Follow along with daily scripture readings and insights that will enhance your faith journey.
Follow along with daily scripture readings and insights that will enhance your faith journey.
Primary Scriptures: Romans 12:9-18; 13:8-9
Book: Three Simple Rules: A Wesleyan Way of Living (Rueben P. Job)
MONDAY 2.18.19 Exodus 20:13-17
In the saga of how God relates to people, the Ten Commandments came at a pivotal moment. The Israelites had been slaves in Egypt for 400 years. They had learned the Egyptian culture, the brutal, dominating behavior of their masters. Now God called them to a very different quality of life, one that sought to avoid doing harm to others.
• Murder’s harmfulness is pretty clear. Think about the ways that adultery, stealing and giving false testimony against your neighbor cause harm. How have these behaviors harmed you, or someone you knew well? What kinds of things can we “steal” from others besides money or possessions?
• The Cambridge Advanced Learner’s Dictionary defines “covet” as “to want to have something very much, especially something which belongs to someone else.” If you covet, who does that harm? In what ways can coveting open the door to some of the harmful behaviors named in the previous commandments?
TUESDAY 2.19.19 Leviticus 19:9-18
Jesus said Leviticus 19:18—“Love your neighbor as yourself”—is a vital life rule. An expert in the law asked him, “Who is my neighbor?” In reply, Jesus told the well-known parable of the Good Samaritan (Luke 10:25-37). But the expert could have known that Leviticus, in the verses before the command, already listed many “neighbors” God’s people shouldn’t harm.
• Have you ever heard the phrase “Don’t leave any money on the table,” urging you to squeeze every penny out of someone else in a business deal? How did the commands in verse 9-10, 13, and 16 urge the Israelites to deal with others? How can you as a Christian decide whether guarding your interests does or does not harm others?
• “Sticks and stones may break my bones, but words can never hurt me.” That saying may help a child cope with playground taunts, but as adults we know words can do great harm. Especially as the next election year heats up, what principles do verses 12-13 and 15-18 teach that bear on how we speak to one another, and about candidates for office?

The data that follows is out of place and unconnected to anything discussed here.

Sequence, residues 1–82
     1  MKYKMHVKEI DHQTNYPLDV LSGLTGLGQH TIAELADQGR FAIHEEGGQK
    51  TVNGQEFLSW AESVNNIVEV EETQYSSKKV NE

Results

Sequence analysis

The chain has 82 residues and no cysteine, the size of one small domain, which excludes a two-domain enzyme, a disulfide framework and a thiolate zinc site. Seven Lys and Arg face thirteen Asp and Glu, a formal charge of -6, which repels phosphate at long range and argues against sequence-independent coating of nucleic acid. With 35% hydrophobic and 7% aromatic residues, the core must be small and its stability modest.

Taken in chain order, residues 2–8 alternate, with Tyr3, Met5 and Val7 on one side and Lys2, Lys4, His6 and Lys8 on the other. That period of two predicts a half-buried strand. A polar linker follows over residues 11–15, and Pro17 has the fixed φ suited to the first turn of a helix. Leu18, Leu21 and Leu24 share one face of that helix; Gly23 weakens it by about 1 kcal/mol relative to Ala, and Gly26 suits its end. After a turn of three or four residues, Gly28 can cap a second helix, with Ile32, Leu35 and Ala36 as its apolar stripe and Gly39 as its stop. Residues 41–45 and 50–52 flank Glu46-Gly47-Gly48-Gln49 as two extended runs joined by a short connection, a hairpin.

WEDNESDAY 2.20.19 Romans 13:8-14
Paul sent this letter to a set of Roman house churches. In Romans 14-15, we see that these churches were very different. Some were mainly Jewish; others mostly Gentile. Their customs and standards of “righteousness” varied. It was all too easy for them to quarrel and tear each other down. “Love does no harm” was a big challenge, a crucial call.
• Bishop Reuben Job says “each of us knows of groups locked in conflict…the conflict is real, the divisions deep, the consequences often devastating. If…all involved can agree to do no harm, the climate in which the conflict is going on is immediately changed.” (Three Simple Rules) How might ugly religious conflicts (e.g. the Salem witch trials, the Inquisition) have been different if Christians had always aimed to “do no harm”? How can you stand for truths that matter to you without harming those who disagree?
• Which of the “deeds of darkness” Paul listed mainly harm the doer? Which of them harm others? In what ways does “do no harm” challenge you to avoid harming yourself?
THURSDAY 2.21.19 Galatians 5:13-21
In Three Simple Rules, Bishop Job asks if one reason we don’t choose to live into “do no harm” may be that “we are afraid of its consequences. To abandon the ways of the world for the way of Jesus is a radical step.” Paul called the Galatian Christians to let the Holy Spirit’s presence radically change their lives.